Senin, 17 Desember 2012

Islam Under the New Order in Indonesia

ISLAM UNDER THE NEW ORDER IN INDONESIA

Student at Major of Islamic History and Civilization

Faculty of Letters IAIN Sunan Ampel Surabaya

There are many opinions about The New Order in Indonesia. According to Nurkholis Madjid, in many respects The New Order has been better for Moslem than The Old Order. People thought that Soekarno and his Old Order had failed, had deviated from the ideals of Pancasila and the 1945 constitution. The Old Order had failed to create general prosperity, to educate the nation or to act for world peace. KAMI (Kesatuan Aksi Mahasiswa Indonesia) defined The New Order as a system and a way of thinking, believing and acting which is consistent with social development and the aspiration of our struggle, as well as civilized values.

a. Islamic Parties Prior to The New Order

On 3 November 1945, Vice President Mohammad Hatta issued a Government statement on the rights of political parties in Indonesia, stating that parties should be established before the general election for member of parliament in January 1946. After PNI established, On 7 Nopember 1945 a Moslem party, Masyumi, appeared on the national stage. Initially, Masyumi which was established by four organization (NU, Muhammadiyah, Perikatan Umat Islam, Persatuan Umat Islam) was the largest moslem’s party in Indonesia at the time. Other the small parties are Perti and PSII. In 1952, NU left Masyumi and became political party.

In 1960 the movenments of moslem politicians began to be restricted whether they had been involved PRRI/ Permesta rebellions or not. There were many prominent moslems jailed. These jailings had a big impact because on the one hand, people had become aware that the Soekarno Government during the guided democracy was tyrannical and therefore had to be overthrown. On the other hand, people had become afraid, they had to think carefully before opposing the Government. Perhaps this was why moslems were active in helping The New Order smash The Old Order.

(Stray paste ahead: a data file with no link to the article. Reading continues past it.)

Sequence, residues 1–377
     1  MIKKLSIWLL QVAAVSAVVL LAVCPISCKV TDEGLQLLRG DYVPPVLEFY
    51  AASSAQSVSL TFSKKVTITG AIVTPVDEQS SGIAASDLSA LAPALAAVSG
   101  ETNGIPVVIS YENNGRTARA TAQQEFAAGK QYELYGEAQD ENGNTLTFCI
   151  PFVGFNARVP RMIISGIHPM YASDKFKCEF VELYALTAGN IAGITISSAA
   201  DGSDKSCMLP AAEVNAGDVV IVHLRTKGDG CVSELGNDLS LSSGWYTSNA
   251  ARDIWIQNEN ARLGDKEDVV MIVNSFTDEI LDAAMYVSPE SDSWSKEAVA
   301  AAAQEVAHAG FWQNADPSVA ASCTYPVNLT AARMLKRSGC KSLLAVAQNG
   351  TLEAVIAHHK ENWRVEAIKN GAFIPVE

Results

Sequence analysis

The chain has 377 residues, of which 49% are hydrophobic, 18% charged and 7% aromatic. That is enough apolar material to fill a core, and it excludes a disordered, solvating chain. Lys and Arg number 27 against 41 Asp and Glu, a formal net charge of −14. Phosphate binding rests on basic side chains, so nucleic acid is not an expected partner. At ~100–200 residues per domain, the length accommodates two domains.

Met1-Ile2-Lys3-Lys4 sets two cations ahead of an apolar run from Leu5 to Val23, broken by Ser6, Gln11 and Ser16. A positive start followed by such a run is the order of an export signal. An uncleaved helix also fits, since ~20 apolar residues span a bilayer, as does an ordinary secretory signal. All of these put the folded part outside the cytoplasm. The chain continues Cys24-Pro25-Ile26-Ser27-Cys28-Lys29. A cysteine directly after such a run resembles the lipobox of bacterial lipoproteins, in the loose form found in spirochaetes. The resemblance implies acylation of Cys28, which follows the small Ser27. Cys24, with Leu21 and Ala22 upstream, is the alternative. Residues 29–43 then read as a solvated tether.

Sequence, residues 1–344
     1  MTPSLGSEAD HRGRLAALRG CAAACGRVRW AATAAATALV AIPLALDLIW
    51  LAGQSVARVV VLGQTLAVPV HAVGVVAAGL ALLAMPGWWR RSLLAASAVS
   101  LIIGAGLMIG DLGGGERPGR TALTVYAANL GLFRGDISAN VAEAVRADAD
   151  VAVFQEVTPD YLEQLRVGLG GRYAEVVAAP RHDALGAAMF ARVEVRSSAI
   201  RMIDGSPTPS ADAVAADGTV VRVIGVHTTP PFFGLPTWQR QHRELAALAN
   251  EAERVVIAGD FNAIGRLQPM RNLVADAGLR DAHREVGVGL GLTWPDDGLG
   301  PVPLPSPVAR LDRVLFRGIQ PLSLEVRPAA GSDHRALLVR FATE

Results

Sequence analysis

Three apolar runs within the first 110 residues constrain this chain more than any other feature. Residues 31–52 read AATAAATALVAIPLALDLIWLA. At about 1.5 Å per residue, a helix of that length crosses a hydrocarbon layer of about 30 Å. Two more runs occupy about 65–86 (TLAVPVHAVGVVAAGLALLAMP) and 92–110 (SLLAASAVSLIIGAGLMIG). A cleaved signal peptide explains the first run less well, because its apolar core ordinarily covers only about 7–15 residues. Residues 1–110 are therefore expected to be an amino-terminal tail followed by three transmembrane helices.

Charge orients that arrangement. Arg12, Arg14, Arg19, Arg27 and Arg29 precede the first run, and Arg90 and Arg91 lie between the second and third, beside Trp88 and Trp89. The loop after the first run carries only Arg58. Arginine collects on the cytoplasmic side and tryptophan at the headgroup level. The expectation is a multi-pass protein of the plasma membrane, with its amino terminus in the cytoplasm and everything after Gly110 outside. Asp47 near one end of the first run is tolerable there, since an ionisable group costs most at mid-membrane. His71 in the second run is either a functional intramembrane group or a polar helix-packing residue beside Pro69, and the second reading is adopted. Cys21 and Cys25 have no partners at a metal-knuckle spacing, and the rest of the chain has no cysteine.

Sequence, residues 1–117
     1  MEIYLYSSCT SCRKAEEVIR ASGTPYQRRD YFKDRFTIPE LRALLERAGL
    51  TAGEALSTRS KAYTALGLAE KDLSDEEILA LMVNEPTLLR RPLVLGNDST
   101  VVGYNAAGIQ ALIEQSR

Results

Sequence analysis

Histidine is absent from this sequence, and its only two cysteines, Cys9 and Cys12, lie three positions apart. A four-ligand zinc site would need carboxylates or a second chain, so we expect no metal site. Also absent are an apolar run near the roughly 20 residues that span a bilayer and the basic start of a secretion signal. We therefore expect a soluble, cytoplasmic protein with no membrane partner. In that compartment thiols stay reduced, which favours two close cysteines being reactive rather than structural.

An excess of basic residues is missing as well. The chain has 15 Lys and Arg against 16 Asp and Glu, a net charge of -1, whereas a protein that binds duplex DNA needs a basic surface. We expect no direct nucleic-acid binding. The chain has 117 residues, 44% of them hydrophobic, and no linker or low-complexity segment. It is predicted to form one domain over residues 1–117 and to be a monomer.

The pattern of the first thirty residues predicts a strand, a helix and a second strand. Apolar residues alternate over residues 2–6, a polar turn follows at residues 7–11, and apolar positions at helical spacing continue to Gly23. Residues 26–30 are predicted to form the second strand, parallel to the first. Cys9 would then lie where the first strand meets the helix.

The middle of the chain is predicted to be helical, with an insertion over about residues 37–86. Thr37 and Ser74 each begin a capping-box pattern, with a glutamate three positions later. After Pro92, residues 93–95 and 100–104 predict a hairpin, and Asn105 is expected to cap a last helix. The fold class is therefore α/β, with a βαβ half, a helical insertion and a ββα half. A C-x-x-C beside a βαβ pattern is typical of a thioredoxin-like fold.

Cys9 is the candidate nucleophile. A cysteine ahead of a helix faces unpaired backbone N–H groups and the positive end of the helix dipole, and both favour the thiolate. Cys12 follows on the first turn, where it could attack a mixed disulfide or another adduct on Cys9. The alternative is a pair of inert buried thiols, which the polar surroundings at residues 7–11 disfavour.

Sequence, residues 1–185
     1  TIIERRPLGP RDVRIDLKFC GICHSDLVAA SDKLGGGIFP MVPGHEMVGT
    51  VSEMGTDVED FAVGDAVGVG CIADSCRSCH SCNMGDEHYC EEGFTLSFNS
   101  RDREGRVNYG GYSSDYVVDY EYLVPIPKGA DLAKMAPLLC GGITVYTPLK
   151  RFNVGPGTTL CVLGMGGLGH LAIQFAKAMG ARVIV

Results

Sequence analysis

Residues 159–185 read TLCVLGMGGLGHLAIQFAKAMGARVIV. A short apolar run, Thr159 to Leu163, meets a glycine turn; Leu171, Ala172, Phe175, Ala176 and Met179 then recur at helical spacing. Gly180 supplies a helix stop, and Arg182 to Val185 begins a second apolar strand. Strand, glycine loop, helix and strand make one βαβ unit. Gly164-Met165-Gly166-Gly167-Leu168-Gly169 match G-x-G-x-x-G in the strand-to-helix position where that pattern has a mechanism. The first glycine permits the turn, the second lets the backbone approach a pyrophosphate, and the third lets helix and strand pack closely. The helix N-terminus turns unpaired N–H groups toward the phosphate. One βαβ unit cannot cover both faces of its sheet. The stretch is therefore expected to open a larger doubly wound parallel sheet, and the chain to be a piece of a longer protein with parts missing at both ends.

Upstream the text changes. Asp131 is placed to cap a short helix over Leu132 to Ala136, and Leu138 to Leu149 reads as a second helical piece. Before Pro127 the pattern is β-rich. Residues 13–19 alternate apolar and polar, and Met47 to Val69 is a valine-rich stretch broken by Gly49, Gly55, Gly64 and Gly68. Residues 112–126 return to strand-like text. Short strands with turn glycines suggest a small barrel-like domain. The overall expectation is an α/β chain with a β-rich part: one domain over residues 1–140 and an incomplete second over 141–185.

b. A New Moslem Party : Masyumi Rejected and the Birth of Parmusi

From the beginning of The New Order, Masyumi Leaders had tried to rehabilitate the party, nut the government did not agree. General Soeharto responded with a letter which states “legal constitutional and psychological considerations have led the armed forces to decide that the armed forces cannot accept the rehabilitation of Masyumi. But the Government allowed them to established a new party called Parmusi (Partai Muslimin Indonesia) on condition that this new party had no connection to the leaders of Masyumi.

c. Nahdatul Ulama, 1965-1971

During the period of Guided Democracy, NU had benefited from Government Authority. NU leaders still held important position in Dwikora Cabinet formed after 30 September 1965. Following a number of scandals in 1970 in the Department of Religion, NU was attacked from various quarters, especially by students from the “Mahasiswa Indonesia” newspaper group in Bandung. NU figures were accused of being religious fanatics. NU was also subject to the rumour that it was a new Darul Islam. In the face of these attacks, NU’s ‘political front’ declined.

d. A Single Muslim Party: PPP

After Golkar’s victory in 1971 the government began to rationalize the Indonesian Party system. Politics in the villages and sub-districts would be banned. The objective was the ‘depolitisation’ of the people, so that the Government and people could concentrate on development. In the plan to restructure the parties, the nine party became three : Golkar, PPP (a merger of NU, Parmusi, PSII and Perti) and PDI (a merger of PNI, IPKI, Murba, Parkindo and Partai Katolik). The draft law on the party system was submitted to parliament in December 1974 and passed on 24 August 1975. In the 1977 election PPP received 29.2 %, it was better than the the result for all Islamic parties (NU, PSII, Perti, Parmusi) in the 1971 election. The muslim Party was in the second position, Golkar got 62.1% and PDI 8.6%. Then, in the 1982 election PPP win 94 seats, same as all muslim pasties in 1971 election, five less than at the 1977 election.

Fitri Kusuma Dewi

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